Gua sha is another form of therapy that is used that is very similar to the cupping techniques. Instead of using cups to create suction, a gua sha tool is a blunt instrument that is applied in a singular direction in order to bring blood to the surface of the skin and promote active blood flow. It is very similar to cupping only doesn’t use suction to create the movement of the fluid. The tool is slightly different but the application is quite similar. Gua sha is also a part of the TCM tool belt and used particularly to address inflammation in the body. Inflammation is borne of cold in TCM terms and Gua sha brings the cold to the surface so that it can be extracted through the skin. Bringing forth the internal heat helps to dispel any cold humours in the body and thus deal with conditions borne of cold.
There are many forms of cupping that range from simplistic use of dry cupping right through to cupping combined with acupuncture needles. These varied uses come about from thousands of years of use. It was not just the Chinese who took this form of therapy on board, but the first use dates back to ancient Egypt where cupping was used to treat individuals as well as in Africa, Ancient Greece and Iran. There has been documented use of the practice throughout history including in the middle ages of Eastern European Jewish cultures as noted by the Jewish Philosopher Maimonides, who wrote about the treatise in the 13th Century. So it is hardly a contemporary practice in it’s infancy.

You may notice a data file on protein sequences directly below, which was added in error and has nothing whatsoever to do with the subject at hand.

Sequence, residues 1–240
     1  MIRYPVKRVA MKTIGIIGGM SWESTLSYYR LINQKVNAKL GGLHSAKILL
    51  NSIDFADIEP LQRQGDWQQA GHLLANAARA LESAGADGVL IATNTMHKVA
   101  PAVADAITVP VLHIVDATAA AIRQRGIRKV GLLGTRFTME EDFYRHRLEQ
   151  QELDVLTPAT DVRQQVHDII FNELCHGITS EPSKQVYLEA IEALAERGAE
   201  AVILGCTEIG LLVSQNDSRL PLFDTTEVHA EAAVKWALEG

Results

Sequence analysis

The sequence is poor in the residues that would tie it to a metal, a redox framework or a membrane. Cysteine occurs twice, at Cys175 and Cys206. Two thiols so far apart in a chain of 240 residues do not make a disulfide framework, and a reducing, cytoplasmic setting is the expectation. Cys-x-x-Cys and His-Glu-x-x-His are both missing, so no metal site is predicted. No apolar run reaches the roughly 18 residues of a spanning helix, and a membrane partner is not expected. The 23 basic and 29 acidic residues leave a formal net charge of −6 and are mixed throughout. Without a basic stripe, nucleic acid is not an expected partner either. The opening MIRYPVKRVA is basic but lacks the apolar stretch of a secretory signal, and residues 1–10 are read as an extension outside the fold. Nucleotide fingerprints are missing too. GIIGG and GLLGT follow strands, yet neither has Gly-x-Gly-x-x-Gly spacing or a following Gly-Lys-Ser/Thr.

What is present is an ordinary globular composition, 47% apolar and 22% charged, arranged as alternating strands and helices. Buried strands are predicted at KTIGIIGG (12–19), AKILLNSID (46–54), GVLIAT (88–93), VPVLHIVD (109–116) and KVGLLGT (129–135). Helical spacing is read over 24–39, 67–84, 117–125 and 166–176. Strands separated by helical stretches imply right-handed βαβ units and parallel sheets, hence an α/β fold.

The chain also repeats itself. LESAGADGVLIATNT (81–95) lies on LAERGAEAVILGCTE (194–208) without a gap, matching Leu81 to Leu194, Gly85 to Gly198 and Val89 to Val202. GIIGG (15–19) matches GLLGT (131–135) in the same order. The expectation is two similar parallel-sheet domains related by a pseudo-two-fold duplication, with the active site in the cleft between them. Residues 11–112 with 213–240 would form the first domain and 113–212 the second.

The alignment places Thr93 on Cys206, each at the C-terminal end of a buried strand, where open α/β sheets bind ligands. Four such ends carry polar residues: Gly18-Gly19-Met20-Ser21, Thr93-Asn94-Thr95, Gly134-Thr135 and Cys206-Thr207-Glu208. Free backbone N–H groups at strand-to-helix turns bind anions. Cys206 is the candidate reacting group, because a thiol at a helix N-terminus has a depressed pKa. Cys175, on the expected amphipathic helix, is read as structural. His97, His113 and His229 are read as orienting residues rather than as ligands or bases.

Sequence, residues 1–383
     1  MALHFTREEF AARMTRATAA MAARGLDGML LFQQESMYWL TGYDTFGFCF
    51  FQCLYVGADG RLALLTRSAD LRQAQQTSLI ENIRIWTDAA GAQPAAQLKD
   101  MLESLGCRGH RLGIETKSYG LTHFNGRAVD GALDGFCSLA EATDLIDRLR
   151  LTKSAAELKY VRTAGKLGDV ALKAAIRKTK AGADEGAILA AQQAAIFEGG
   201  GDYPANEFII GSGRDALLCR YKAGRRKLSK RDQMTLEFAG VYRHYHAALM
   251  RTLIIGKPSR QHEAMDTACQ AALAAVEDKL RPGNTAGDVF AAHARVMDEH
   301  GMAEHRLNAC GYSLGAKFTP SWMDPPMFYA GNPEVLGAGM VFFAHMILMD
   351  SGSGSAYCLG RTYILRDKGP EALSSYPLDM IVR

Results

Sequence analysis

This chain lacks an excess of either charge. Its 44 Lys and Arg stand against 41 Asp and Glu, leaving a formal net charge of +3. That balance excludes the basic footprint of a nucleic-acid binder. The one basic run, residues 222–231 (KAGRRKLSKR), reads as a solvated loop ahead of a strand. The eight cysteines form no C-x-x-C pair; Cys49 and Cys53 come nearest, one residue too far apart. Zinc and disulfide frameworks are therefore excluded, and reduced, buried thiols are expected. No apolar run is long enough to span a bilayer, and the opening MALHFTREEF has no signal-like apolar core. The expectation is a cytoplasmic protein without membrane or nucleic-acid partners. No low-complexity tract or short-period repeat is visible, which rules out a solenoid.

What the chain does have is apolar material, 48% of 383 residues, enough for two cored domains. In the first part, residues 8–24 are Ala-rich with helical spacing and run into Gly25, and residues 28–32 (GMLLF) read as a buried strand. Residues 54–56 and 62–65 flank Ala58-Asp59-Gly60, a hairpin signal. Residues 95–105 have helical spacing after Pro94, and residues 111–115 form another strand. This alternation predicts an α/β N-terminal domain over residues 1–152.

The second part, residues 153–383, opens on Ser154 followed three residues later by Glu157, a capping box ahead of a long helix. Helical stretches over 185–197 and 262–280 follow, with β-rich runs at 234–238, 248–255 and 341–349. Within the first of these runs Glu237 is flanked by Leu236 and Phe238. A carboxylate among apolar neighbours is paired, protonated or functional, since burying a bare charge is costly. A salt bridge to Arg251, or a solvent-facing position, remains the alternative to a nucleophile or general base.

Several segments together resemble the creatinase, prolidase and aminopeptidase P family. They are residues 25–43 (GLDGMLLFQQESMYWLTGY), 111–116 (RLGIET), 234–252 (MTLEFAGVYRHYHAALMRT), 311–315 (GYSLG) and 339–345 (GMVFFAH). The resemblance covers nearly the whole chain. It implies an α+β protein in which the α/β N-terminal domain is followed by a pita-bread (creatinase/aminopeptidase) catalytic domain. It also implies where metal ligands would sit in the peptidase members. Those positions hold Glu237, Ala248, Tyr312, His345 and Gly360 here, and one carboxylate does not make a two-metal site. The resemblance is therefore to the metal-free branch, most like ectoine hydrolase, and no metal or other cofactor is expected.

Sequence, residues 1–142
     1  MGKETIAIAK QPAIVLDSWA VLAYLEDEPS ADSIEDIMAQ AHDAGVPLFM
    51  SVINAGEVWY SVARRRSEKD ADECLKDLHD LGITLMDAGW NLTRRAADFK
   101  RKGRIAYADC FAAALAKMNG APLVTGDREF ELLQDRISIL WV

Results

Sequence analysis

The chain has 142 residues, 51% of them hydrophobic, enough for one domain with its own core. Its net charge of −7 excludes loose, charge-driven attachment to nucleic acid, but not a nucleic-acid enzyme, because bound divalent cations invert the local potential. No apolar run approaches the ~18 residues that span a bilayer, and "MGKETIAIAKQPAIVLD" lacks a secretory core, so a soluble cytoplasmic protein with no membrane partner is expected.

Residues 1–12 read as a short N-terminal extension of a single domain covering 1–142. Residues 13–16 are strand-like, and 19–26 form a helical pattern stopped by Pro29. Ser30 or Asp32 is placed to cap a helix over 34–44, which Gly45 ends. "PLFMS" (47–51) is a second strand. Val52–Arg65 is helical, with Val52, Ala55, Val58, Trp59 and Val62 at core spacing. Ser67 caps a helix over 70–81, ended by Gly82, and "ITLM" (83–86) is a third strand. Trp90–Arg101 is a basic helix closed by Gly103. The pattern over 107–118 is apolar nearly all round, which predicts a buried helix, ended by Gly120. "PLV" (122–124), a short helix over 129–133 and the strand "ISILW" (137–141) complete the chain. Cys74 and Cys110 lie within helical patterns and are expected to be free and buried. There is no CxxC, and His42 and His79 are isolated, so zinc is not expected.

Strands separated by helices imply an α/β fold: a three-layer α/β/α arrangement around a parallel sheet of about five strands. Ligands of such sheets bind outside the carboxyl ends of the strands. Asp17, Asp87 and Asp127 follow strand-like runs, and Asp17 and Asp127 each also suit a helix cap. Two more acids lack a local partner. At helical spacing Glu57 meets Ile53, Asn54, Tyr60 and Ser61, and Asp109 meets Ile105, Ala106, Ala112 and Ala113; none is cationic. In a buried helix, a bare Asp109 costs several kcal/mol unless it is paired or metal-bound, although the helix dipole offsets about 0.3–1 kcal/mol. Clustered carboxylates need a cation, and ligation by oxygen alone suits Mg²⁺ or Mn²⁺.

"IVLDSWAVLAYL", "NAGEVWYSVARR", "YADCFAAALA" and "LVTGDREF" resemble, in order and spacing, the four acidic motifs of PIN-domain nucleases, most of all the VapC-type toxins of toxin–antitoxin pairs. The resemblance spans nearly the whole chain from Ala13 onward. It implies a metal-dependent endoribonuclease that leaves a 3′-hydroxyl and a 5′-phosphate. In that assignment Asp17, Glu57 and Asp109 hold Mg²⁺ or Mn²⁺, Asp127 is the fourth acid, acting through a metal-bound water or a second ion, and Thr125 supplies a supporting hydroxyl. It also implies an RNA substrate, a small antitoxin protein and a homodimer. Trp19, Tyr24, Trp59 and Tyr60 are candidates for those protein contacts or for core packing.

Types of Cupping:
Dry Cupping – generally the most widespread of the applications, where glass or bamboo cups are placed over the back creating suction and drawing blood to the surface of the skin. There are different ways of creating the suction either by applying rubbing alcohol to the rim of the glass and then applying heat to create a seal or by use of suction cups that have external pressure applied to pull air from a specially formulated glass cup. The cups are sometimes moved across the skin to create a flow effect of humours and then can be left in place over certain areas of focus (usually an acupuncture point) to concentrate removal of stagnation for a more prolonged and focused treatment.
Wet Cupping – involves the letting of humours into the suction cup. This type of therapy was used widely to remove pathogens from the system and extricate toxic blood from the system. This was widely practiced in both Ancient China and Arabic cultures and was also documented in use throughout Ayurvedic medicine.